Sonic Generations /

The good ones: Sonic Colors (2010), Sonic Generations (2011)

So yes, this was supposed to be about the bad Sonic games, but there were also reasons to be cheerful as I managed to at least enjoy and actually roll credits for both Sonic Colors and Sonic Generations. Not exactly all-timers that will trouble Mario, but easily strong 7/10s, and that’s enough reason not to write off SEGA’s mascot.

Colors is the easiest to enjoy given it was only remastered in 2021, which is a huge improvement over the Wii original with HD resolution, 60 FPS, and it ditches the lives system. The level designs, flowing between side scrolling and 3D, are both imaginative and tight so that you can speed through them in a couple minutes but fun enough that I’d actually want to replay them to get a better grade or find all the red star rings. The wisps may not be a game changer but it’s just a relief that the game introduces new powers that aren’t to the hedgehog’s detriment.

Generations meanwhile maintains that zippy sense of fun too, while also having the job of celebrating Sonic’s 20-year history, even if that includes a handful of levels from his lesser years. The physics for the classic Sonic stages are still a bit off, though not as bad as Sonic 4, but ultimately you feel the love for the series, and this is once again a Sonic game that doesn’t drag you down or waste your time. Anyone describing both games’ brief lengths as a negative fundamentally doesn’t understand Sonic.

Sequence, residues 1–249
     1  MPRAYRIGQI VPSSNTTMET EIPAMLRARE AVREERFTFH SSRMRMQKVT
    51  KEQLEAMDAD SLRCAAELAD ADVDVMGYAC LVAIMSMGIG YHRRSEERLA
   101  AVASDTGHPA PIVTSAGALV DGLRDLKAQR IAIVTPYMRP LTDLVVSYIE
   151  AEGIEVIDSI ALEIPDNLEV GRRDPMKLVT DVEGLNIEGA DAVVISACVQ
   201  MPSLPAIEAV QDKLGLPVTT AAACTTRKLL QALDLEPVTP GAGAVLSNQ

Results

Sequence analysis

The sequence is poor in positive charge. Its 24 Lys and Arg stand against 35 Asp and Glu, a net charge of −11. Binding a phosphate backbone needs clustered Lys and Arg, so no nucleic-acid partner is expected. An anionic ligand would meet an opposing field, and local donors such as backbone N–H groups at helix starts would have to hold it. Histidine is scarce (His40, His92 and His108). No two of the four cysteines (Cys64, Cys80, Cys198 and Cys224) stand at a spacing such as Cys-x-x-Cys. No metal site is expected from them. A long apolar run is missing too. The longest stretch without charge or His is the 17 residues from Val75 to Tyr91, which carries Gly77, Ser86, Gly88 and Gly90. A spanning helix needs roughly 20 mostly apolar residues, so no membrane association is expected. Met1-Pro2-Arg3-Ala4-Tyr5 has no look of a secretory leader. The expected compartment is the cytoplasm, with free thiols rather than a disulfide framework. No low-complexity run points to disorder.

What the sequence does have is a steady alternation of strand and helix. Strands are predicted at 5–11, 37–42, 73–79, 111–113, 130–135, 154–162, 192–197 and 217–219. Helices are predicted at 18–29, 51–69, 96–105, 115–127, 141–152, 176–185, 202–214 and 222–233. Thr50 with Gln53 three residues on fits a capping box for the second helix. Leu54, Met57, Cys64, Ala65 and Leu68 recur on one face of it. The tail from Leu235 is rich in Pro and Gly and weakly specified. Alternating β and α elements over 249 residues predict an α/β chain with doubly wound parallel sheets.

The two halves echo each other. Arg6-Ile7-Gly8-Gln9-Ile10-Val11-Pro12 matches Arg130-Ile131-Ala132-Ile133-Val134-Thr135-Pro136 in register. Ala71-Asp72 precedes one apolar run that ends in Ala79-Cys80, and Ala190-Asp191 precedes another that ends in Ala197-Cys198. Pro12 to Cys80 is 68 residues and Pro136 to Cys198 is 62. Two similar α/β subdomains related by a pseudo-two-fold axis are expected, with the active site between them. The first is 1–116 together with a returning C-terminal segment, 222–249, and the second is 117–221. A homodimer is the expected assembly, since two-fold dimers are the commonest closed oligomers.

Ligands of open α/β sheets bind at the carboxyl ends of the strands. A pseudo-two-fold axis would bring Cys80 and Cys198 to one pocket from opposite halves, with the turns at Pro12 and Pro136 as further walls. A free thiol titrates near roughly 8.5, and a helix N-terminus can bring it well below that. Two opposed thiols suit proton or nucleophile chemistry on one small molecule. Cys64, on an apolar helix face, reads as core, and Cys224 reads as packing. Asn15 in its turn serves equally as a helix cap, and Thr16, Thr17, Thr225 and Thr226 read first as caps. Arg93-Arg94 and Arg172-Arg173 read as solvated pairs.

Thankfully, after much of the dark years, 2017’s Sonic Mania also reminded us just how good Sonic could be. Fingers crossed, Frontiers can continue an upward trajectory, but I think it’s important not to forget those past mistakes - not just because they are lessons for SEGA to learn, but sometimes you just need to be able to experience the crushing lows to truly appreciate the highs.

Featured Image Credit: SEGA

Topics: Sega, Sonic, Opinion, Retro Gaming